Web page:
Sewing buttons is time-consuming. You need to do each one individually, otherwise, you’re wasting a lot of string on the underside of the skirt. You also risk pulling the skirt material from button to button in a not great way if you just continue to each button. Because the buttons were different colors, I could have changed the string color for each one, but I chose instead to match the skirt color which worked out fine.
You also want to be super careful you don’t sew through two layers of the skirt. You only want to sew through the top layer. I had to redo one button because I accidentally sewed through both layers. There is also no precision to where you place them, but halfway through I did try the skirt on to see how they looked and where there were some open spaces.
For my complete look for this festival outfit, I went with a white halter top, heart necklace and pink platforms.
Festival Fringe Booty Shorts
I fricken love the iHR Booty Shorts. These little guys are so comfy and were the first thing I ever customized myself. They really lend themselves to being dressed up with details. This is because it’s really easy to sew. One of the first designs I did with these was for EDC Las Vegas, where I sewed a big cheerleading bow to the band on the butt. It was so cute and so simple to do.
For this rave outfit idea, I wanted something different. Instead of sewing something on the band, why not on the sides? While at JoAnne’s I came across this trim that had me thinking wtf-is-this, and it turned out to be dual tone fringe. Sign me the f-up.
I’ve never sewn fringe before, and really didn’t even understand how it worked. But after investigation, I was told you’re only supposed to sew one side to the garment, then cut the edging off the other side, so that it is loose fringe. Although, because the shorts are so short, I liked the idea of the fringe being shorter as well, and I also was really digging the looped look of it. So instead of cutting the fringe, I sewed both edges to the shorts and left it as is.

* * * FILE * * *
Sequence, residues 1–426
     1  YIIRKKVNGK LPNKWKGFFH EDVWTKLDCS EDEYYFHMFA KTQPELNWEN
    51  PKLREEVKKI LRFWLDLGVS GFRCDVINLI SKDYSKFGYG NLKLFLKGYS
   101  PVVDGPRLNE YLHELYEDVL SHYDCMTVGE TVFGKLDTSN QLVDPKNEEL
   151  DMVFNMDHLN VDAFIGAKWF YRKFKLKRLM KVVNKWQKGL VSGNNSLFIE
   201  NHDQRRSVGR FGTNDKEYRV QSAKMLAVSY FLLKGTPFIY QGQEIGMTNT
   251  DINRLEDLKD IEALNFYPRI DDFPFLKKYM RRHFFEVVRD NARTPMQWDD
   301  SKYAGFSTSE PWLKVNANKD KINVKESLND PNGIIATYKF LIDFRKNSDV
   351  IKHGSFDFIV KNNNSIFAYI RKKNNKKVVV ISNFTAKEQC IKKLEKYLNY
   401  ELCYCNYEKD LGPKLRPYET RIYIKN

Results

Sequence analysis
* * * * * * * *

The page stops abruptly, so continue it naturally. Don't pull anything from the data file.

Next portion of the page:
Sewing the fringe on this is one of the easiest items to sew. Line up the fringe along the edge, and cut sized to each side with a little extra just in case. Before you begin sewing, make sure the fringe is all laying the same way so that you don’t sew through the loops wrong. Start on the inside then follow the literal fold of the shorts to remember how to keep a straight line.
For my complete look for this rave outfit, I took one of the iHR keyhole halter tops I had customized and my black platform shoes. This rave outfit looks expensive AF, but really, I would have spent maybe $30 on the shorts, halter, and details I added to it. It takes time to sew, but is so worth it. I can't wait to show off these rave bottoms at my next festival!
High Waisted Disco Shorts
The Hologram Electro High Waisted Booty Shorts are really cool because they have so many colors in them, you can really do anything with it. They have a lot of space so you can go the button route with this, but I liked the idea instead of doing a band at the top. You can do a band on almost any of the pieces - it’s the most simple way to spice up a look.
Make sure you measure around your waist for how much you need. Do not base it on the size of the garment because once it is on the material will stretch wider than it originally lays. For my look, I thought it would also be fun to add tassels on the sides.
I added the tassels first so they appeared under the band I would be adding. You can line the new band you’re adding as high or low as you want on the real waistband, just make sure you hide it enough.
When you go to sew this on, start on the seam then sew as you wrap around the bottoms. Keep your stitches loose so that you don’t lose the elasticity of the bottoms! Again test put them on halfway through if you need to so you know how you’re doing.
So there you have it! There’s a million-and-one ways you can make your own DIY festival fashion! If you style your own rave bottoms or skirts, be sure to tag #iHRStyled on Instagram for a chance to be featured! Happy DYI-ing!